These are some of the places we hold dear on and around the farm, places that hold a certain magic for those of us who live on and love this land. This is the vista taken at the beginning of last summer from the back door of the barn above the field where the greenhouse sits amidst orderly laid out rows, now brown, but soon bursting again with activity and green life;
We’ve made a cozy retreat — two rickety falling apart chairs behind the shed where we hide from the sun’s heat under the old apple tree planted many years ago by Bill’s grandmother Isabel, who left this earth in 1996;
We feel a kinship to the remaining maple tree that looks over the east field and stands between the house where I live, and the farm next door. Until a couple of years ago there were two trees here, both planted by Bill’s grandfather when he was just a boy. He died in 1981, so this last tree was probably planted somewhere in the first decade of the 1900s. They had to cut down the other a few years ago, when it fell victim to disease. Harrison’s ashes are scattered here underneath its generous boughs, as are the ashes of Isabel, his wife, my husband’s grandmother.
Another place we all love, but difficult to capture in one single image, is from the high vantage of the woodpile next to the beehives which, depending on your orientation, looks to the back of the farmhouse, the fenced garden, the big garden beyond it, and the east field from on the hill.
Remnant energy vibrates here of generations who have called this place home and have left their imprint. All that remains aside from grainy photos and treasured primary documents, are names now. Some of these people still live in the memories of the only one who remains of the earlier generation: Louise, now 80, Bill’s mother. Dating from the early 1800s, there have been two Johns here, two Harrisons, Audrey, Albert, Miriam, Esther, Isabel, William, all gone… They lived, survived and thrived here, just as we do now. The places we hold sacred most likely gave them moments of pleasure too, even if they didn’t speak of it. I can imagine Harrison, my husband’s grandfather feeling the same satisfaction we do looking over the fields from the same place in at the back door of the barn. Thinking about those people, living and then dying here, how can we say that we own the land, in spite of the illusion of deeds, and the artificial property lines that divide everything up into parcels? We are only here for a moment, and then we will be gone, but the land remains.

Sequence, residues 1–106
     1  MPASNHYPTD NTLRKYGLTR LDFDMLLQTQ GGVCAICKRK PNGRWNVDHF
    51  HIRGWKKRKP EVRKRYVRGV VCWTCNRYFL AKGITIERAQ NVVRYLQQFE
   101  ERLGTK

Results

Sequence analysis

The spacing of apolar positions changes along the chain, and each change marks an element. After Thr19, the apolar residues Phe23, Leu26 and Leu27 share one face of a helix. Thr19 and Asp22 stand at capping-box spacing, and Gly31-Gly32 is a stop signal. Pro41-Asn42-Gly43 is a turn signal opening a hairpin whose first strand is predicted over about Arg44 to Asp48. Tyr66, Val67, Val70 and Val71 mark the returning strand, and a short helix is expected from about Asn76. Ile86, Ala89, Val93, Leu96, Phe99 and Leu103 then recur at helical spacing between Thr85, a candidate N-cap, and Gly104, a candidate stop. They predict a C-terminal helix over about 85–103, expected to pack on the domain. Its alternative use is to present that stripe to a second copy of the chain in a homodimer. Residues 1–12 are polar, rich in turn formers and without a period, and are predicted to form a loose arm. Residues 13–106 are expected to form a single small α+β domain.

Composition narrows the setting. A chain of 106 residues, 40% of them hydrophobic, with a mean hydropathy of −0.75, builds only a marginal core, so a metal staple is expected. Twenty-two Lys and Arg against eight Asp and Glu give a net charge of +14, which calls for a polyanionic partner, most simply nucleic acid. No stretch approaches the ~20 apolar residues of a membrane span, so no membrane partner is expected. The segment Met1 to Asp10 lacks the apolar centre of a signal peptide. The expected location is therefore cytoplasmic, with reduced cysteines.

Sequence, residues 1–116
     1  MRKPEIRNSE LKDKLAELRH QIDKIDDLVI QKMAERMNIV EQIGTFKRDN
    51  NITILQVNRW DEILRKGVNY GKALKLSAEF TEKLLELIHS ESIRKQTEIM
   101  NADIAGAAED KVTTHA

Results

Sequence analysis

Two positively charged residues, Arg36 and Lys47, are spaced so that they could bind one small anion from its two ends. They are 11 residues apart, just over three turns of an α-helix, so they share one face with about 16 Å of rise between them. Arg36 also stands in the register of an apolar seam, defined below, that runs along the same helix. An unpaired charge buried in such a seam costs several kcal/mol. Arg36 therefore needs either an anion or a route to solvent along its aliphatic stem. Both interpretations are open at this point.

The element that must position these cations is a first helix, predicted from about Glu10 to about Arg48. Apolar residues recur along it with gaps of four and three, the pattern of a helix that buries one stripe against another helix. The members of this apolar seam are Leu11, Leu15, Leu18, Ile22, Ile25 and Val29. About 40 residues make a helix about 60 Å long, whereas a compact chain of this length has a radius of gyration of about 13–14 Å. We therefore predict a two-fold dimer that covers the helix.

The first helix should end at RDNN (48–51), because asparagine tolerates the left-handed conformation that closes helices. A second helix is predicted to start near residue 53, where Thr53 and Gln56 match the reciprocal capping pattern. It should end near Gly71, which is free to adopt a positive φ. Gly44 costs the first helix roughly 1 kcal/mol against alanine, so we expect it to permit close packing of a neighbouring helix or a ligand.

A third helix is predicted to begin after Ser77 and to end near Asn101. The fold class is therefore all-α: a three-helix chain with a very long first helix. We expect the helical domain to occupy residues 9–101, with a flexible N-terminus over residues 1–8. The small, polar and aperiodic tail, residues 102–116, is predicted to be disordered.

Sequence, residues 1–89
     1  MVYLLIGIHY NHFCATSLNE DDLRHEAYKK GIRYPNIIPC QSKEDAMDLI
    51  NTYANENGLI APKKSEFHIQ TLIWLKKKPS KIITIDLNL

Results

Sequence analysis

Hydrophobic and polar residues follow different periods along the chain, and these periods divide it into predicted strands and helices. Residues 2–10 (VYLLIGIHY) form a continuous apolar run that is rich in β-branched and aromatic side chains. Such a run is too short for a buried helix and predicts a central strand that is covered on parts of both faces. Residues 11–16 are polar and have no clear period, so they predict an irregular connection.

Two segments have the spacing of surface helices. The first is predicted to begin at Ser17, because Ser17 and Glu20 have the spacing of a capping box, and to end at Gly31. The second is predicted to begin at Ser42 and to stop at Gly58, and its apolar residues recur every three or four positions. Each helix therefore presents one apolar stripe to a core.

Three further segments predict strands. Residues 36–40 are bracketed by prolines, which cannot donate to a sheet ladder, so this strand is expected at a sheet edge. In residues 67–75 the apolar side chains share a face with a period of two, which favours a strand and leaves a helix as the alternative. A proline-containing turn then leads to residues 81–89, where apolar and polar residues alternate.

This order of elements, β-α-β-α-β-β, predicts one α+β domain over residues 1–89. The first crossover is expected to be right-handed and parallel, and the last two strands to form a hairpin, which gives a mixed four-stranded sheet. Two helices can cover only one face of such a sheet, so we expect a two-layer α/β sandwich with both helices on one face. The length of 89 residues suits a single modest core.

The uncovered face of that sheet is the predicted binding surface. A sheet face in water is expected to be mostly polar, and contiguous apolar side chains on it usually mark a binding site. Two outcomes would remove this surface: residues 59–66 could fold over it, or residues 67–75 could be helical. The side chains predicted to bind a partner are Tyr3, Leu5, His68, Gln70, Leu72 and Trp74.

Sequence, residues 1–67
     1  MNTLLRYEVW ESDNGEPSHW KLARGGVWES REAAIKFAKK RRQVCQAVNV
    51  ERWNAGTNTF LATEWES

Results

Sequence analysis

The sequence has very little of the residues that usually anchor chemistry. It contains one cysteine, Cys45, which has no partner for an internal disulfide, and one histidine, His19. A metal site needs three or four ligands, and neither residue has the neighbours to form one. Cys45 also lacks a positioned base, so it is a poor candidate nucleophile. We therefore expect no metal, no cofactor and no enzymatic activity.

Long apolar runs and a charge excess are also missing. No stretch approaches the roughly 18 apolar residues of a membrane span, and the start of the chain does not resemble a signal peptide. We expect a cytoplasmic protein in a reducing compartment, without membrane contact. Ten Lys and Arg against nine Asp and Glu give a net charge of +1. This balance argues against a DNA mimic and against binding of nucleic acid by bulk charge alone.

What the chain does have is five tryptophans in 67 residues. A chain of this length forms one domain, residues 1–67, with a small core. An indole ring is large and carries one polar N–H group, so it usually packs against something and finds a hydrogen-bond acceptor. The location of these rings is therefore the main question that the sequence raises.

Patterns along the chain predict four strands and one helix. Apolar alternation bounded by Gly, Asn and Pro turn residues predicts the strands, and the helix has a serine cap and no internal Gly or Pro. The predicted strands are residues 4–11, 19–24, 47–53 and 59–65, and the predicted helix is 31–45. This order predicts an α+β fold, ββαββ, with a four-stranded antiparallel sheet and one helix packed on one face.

Take a walk with me now, down the path behind the woodpile that leads to a network of trails in the state forest that abuts the farm. More sacred places are to be found out there in the woods behind the farm.
This is the ancient stone wall that marks the end of our property. Do you know it was customary in generations past to “walk the bounds,” an annual task that fell to landowners to protect their property rights? You don’t hear of people doing this nowadays, but maybe its a good idea.
A mysterious sweep of swampland ringed by beaver-chewed trees. A place I call “beaverish.”
The holy place I like to call “The Hemlock Cathedral,” where a hush falls when you enter its lofty expanse framed by straight high trunks, a carpet of soft needles quiets your footsteps, a contemplative place for introspection.
The path then leads us up the steep path on to an esker, a geologic formation caused by glaciers, a winding ridge of earth like the spine of a dragon, left behind by the ice which cut wide bowls on either side.
At the end of this path, traveled by many who walk these woods, is a cairn where we place a stone whenever we walk. Others feel the magic of the land as we do…
And finally, lest we forget, the world is populated by those who we don’t often see, but who see us. We find them in the evidence of their passing, great tufts of hair from the coyote tells the story of their passing there, if we can only understand. Was it a fight between two? We don’t know.